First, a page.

PEI deploys Lync and Exchange to clients frequently. One of our most common issues with Lync occurs a year after we deploy. A client will call up and tell us in a panic that everything had been working great until a certain time then everything just “broke”.
Most of the time, our engineers realize that it has been a year since the deploy and know exactly where to look, certificates. Sure enough, a certificate has expired and needs to be renewed. If we’re lucky, it is a certificate that gets issued from the Internal Certificate Authority (CA) and we can renew the cert immediately and have them back up and running within minutes. Worse case, we have to get a new public certificate and they may have to wait hours.
How could this have been avoided? Well, one suggestion is that they place a reminder on their calendar for about 11 months out to check on the certificates. We do recommend this as one solution. Another is to System Center Operations Manager (SCOM) to get alerts on expiring certificates. SCOM is great but a bit overkill if all you want is to know when certificates are expiring.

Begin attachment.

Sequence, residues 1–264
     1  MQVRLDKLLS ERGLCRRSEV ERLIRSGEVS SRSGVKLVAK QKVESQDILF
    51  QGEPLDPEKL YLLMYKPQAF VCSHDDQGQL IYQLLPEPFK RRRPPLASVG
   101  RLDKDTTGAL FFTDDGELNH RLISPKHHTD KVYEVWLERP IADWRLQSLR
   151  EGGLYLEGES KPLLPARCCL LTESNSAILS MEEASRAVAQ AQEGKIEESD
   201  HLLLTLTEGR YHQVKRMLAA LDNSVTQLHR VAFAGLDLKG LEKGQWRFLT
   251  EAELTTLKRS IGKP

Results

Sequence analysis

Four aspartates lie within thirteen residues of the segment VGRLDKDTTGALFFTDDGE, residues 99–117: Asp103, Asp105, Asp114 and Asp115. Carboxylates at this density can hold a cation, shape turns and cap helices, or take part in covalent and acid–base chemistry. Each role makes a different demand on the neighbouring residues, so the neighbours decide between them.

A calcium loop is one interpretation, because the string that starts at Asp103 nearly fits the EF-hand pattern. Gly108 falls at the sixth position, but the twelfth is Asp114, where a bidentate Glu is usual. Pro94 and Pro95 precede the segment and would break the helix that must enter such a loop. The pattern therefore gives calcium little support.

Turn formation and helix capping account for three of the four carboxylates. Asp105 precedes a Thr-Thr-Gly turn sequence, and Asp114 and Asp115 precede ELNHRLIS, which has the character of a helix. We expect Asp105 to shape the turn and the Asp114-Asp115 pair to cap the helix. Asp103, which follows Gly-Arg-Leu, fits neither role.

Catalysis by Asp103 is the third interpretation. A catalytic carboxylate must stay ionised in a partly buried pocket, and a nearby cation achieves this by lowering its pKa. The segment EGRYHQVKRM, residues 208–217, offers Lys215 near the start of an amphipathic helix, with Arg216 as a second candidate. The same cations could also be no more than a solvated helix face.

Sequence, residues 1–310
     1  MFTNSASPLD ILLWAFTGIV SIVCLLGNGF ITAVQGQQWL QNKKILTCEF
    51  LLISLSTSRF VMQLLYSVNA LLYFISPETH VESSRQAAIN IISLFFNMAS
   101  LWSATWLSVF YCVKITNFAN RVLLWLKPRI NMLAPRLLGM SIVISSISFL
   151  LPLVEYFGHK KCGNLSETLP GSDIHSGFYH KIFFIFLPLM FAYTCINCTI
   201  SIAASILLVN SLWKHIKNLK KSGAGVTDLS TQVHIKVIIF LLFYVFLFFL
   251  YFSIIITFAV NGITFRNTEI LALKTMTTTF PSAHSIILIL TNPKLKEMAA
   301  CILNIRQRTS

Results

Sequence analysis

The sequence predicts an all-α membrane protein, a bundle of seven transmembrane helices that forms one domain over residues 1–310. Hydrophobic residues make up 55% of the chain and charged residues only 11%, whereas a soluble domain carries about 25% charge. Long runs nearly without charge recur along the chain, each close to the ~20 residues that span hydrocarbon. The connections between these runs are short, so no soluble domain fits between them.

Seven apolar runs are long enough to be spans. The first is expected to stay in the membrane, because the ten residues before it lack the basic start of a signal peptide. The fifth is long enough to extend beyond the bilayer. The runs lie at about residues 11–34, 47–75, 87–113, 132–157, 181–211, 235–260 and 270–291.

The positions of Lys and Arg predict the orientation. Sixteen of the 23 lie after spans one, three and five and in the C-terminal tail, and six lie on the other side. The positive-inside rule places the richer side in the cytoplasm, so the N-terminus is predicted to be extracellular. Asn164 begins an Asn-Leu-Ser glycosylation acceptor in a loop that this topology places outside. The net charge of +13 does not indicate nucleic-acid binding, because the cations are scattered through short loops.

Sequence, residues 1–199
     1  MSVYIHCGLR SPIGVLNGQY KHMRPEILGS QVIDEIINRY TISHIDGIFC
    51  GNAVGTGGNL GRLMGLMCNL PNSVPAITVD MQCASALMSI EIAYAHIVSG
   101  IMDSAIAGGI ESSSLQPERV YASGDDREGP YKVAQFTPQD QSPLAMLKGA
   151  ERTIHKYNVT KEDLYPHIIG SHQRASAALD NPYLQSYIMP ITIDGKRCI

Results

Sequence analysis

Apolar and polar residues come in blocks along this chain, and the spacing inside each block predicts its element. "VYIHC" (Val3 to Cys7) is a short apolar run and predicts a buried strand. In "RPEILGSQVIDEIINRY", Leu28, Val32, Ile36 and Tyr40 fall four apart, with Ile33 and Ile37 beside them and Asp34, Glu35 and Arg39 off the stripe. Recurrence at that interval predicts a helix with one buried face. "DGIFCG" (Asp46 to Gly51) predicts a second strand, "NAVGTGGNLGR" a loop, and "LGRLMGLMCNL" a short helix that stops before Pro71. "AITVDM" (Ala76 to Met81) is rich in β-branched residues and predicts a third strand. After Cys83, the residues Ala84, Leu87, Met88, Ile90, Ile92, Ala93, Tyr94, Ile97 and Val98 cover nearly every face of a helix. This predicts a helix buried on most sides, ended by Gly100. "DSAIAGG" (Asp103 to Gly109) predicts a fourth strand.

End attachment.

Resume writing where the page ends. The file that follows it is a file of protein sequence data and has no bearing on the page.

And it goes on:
There is one other option, which is free. There is a tool called the Certificate Expiration Alerter. This command line tool works by checking the Internal CA for certificates that will expire. You can set the number of days in the future you want to check (i.e. return results for all certificates expiring in the next 30 days).
You can simply set this as an automated task on your CA and have it email a group so that you won’t be surprised when a certificate is about to expire.
To run the Certificate Expiration Alerter, simply run:
certexpalerter.exe -c “CAServerRoot CA” — This will list all certificates issued by the CA.
certexpalerter.exe -c “CAServerRoot CA” -d 15 — This will list all certificates issued by the CA that are scheduled to expire in the exactly 15 days.
certexpalerter.exe -m SMTPServerName -s firstname.lastname@example.org -r email@example.com -d 30 -c “CAServerRoot CA” — This will email firstname.lastname@example.org if a certificate will expire in exactly 30 days.